No matter how much one attempts to enjoy a work of cinematic science fiction, one cannot help but feel robbed. This is what the makers of ‘Oblivion’ have done. They promised something fantastic, poured $120,000,000 into an intriguing concept, so intriguing that even with a marketing campaign featuring Tom Cruise looking bored,
Halfway through 2011 I came across the phenomenon of Bitcoin, and my head went into a tail spin. This was a revolution. I felt it in my bones. But I was reluctant to buy in and profit from it. At the time, it had the aura of an elaborate, hi-tech scam. The ultimate in electronic pyramid schemes. And the amount of hacking going on against the bitcoin exchanges (run from servers in peoples garages) didn’t help things either. I felt it was never intended as a alternative currency. Who in their right mind would trade commodities online or shop with it. Sure, it (kind of) bypassed third parties and fees, and it seemed easy to use. But once you send off a bitcoin to some address that is it. It’s irreversible. There is no redress. Online fraud using bitcoins leaves no paper trail to physically follow. Although there is an electronic trail, how does one place trust in such a new system?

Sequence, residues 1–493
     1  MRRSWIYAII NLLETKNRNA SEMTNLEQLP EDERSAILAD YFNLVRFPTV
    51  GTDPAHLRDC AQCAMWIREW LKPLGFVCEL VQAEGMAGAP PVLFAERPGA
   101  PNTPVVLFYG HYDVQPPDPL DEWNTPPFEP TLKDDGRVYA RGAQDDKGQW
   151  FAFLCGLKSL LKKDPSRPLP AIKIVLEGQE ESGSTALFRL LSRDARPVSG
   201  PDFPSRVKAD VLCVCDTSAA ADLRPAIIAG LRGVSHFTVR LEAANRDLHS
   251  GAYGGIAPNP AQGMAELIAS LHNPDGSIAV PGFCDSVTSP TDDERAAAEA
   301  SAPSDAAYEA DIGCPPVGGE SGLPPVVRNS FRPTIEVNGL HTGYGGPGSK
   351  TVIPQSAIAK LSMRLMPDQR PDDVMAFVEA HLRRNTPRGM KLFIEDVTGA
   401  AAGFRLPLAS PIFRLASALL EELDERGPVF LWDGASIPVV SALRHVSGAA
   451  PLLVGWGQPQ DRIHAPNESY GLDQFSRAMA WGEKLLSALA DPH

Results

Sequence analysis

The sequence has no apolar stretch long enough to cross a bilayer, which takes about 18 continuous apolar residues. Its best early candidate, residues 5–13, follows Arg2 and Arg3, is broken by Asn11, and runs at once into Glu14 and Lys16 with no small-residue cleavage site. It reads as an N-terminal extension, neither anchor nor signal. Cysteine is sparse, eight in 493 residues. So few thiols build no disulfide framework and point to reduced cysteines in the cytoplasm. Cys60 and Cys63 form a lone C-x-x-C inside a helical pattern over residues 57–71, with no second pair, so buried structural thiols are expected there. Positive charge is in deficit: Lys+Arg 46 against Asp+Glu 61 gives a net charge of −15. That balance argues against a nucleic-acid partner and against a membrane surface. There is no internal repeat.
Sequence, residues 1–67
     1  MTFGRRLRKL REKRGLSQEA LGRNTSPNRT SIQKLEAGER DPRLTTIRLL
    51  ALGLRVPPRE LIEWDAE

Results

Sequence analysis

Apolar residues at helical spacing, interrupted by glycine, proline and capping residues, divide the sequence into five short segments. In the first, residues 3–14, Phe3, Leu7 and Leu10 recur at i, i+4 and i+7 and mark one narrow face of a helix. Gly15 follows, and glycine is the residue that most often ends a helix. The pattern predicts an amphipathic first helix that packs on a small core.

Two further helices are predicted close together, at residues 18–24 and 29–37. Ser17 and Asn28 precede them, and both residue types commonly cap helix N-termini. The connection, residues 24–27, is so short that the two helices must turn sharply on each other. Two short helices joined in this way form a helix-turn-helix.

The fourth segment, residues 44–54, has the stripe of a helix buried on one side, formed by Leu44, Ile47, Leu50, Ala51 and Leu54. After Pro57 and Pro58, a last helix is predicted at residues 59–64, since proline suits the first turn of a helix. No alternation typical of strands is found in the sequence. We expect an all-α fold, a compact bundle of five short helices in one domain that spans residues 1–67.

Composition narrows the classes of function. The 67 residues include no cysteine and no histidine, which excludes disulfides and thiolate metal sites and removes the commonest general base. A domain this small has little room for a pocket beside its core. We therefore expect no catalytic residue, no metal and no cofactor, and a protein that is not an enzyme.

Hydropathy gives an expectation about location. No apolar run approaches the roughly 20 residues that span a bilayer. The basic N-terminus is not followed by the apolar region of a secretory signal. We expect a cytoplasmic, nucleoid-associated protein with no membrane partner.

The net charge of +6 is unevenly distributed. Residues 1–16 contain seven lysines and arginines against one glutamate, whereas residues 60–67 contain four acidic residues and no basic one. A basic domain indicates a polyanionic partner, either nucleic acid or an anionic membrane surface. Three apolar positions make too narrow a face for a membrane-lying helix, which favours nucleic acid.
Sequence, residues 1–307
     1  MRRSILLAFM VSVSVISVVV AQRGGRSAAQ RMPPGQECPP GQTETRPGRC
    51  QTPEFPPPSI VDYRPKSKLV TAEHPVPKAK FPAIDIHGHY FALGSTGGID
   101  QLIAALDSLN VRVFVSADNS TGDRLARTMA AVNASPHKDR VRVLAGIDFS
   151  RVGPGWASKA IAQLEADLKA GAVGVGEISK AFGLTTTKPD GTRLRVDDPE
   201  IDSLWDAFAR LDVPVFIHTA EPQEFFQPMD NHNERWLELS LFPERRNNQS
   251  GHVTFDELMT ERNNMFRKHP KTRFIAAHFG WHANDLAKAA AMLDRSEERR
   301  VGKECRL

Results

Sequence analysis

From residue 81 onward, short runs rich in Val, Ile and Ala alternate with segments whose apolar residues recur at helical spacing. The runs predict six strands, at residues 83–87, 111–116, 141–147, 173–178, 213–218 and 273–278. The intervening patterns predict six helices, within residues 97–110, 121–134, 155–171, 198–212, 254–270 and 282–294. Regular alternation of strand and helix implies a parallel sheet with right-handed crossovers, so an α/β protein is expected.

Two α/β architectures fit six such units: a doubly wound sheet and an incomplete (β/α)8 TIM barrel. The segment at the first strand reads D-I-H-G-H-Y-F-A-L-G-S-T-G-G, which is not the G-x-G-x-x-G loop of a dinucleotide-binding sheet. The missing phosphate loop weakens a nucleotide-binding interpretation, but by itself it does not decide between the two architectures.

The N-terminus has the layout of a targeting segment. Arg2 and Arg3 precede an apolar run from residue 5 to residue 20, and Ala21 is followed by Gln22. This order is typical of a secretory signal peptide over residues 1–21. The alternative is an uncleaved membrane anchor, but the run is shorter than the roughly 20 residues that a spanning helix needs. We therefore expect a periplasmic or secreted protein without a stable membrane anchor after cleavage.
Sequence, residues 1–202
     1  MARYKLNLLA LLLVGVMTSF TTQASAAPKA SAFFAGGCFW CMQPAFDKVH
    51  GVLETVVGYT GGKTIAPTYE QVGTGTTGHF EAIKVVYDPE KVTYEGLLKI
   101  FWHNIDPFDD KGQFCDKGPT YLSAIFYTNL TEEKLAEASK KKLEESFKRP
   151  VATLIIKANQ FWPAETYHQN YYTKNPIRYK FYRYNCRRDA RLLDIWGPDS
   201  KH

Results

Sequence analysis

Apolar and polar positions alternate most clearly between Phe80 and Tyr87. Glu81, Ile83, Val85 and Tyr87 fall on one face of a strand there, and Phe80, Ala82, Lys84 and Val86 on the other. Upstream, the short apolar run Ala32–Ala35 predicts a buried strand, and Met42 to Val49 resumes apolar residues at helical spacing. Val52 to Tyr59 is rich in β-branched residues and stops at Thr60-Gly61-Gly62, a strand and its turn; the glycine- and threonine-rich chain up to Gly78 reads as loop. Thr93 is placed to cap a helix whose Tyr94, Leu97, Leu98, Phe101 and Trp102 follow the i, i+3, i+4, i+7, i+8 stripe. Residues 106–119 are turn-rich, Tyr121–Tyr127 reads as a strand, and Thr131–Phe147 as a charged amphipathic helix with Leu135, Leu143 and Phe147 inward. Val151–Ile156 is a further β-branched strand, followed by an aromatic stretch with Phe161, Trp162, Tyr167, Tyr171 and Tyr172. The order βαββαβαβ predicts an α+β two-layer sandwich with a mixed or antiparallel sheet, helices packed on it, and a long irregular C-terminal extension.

Even drug dealers would be hesitant to use this nascent technology. Imagine Tony Montana rocking up to a meeting with the Colombians with a laptop?